Chinese scientists admit to faking research over institutional pressure


Chinese scientists felt pressured to engage in unethical research practices out of fear of losing their jobs, a study found.

The Chinese government’s 2015 “Double First-Class Scheme” called on universities to boost their global rankings by publishing more articles in international journals. One faculty head reportedly told academics they should “leave as soon as possible” if they did not meet publication targets, according to science journal Nature.

Citing such pressures, academics admitted to “falsifying data, plagiarizing, exploiting students without offering authorship, and bribing journal editors.” However, other Chinese scientists said the paper painted an overly negative picture and that its author only spoke to a small sample of academics.

Research in China suffers from the problem of “bad incentives,” The Economist argued. Chinese universities have published more scientific papers than any other country since 2017, partly owing to researchers being rewarded for quantity over quality: About 46% of around 50,000 retracted studies collated by CrossRef and Retraction Watch are from China. University leaders tend to be government officials who are good at chasing targets but poor at fostering good science, a professor at Hangzhou Dianzi University told the magazine. The problem may not be exclusive to China: A 2023 paper found that the UK’s performance-based funding allocation system incentivized poor quality research, with papers published just before evaluation deadlines featuring in lower-impact journals and receiving fewer citations.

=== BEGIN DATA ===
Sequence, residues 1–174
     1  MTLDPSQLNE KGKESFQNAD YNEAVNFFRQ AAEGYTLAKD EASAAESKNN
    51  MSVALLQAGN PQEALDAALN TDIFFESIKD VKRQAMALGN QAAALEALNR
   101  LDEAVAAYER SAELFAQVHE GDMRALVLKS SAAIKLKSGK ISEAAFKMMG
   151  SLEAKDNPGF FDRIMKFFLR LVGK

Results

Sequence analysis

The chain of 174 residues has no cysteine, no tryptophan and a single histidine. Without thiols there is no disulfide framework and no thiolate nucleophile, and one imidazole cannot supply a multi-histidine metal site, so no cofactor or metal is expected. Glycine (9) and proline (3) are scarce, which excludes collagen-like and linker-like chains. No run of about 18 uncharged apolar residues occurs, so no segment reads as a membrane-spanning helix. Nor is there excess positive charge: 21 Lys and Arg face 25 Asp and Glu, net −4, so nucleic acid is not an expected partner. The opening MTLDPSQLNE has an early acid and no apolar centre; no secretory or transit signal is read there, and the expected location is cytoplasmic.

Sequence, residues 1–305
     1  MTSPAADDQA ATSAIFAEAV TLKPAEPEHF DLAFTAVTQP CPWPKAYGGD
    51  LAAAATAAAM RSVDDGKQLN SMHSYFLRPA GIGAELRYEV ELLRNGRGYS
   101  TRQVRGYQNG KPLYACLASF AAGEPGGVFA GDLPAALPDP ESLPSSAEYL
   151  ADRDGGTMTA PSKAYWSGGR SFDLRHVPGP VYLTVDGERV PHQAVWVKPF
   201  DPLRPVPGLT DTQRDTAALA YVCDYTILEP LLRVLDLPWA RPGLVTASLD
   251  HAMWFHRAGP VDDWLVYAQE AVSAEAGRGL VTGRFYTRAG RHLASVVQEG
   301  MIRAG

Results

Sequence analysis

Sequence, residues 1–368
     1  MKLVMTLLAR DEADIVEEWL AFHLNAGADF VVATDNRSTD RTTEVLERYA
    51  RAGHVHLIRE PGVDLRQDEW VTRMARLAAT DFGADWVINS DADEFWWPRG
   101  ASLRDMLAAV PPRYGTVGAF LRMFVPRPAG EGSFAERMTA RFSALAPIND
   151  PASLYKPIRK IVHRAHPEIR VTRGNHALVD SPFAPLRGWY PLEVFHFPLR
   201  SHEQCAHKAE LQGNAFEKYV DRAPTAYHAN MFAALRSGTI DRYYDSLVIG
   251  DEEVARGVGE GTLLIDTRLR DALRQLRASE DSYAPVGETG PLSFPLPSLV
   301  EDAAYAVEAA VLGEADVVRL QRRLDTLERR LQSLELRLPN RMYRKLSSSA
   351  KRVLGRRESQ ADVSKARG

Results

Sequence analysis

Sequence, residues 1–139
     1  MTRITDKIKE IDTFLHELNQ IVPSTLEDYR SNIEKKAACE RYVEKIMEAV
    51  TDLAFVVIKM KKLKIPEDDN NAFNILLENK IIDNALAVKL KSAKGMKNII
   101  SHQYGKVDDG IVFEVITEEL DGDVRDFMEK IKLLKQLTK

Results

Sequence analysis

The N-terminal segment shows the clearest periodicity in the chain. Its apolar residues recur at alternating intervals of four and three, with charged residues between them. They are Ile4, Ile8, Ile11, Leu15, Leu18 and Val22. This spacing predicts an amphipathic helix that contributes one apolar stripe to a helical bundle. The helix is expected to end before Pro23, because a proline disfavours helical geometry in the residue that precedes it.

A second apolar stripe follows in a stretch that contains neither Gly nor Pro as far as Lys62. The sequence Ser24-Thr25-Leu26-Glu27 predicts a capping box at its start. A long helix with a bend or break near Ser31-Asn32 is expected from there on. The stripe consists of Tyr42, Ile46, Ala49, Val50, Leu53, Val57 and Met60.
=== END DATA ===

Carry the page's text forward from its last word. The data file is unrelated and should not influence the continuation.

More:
Chinese academics are encouraged to publish in international journals, but this trend may be reversing as researchers try to build up a portfolio of home-grown journals. That’s partly because authors have to pay journals to get their papers published, and China wants to capture some of that spend, the co-author of a 2023 report on the Chinese science publishing market told Science. The Chinese government and universities may also want to move away from Western-dominated research agendas so they can focus on topics that better serve the country’s interests, a higher-education researcher at the University of Hong Kong argued.

Fraudulent research practices aren’t the only problem: Advocates told Nature that unethical studies on Chinese minority groups like the Uyghur aren’t being retracted fast enough. In 2023, the Dutch academic publisher Elsevier retracted a 2019 article by Chinese and Danish researchers titled “Analysis of Uyghur and Kazakh populations using the Precision ID Ancestry Panel” after an investigation revealed they had not obtained ethical approval to collect genetic samples. “Given how coercive the overall environment has been for the Uyghurs [in China], it’s not really possible for Uyghurs to say no [to the collection of their DNA],” an Asia expert at Human Rights Watch told.


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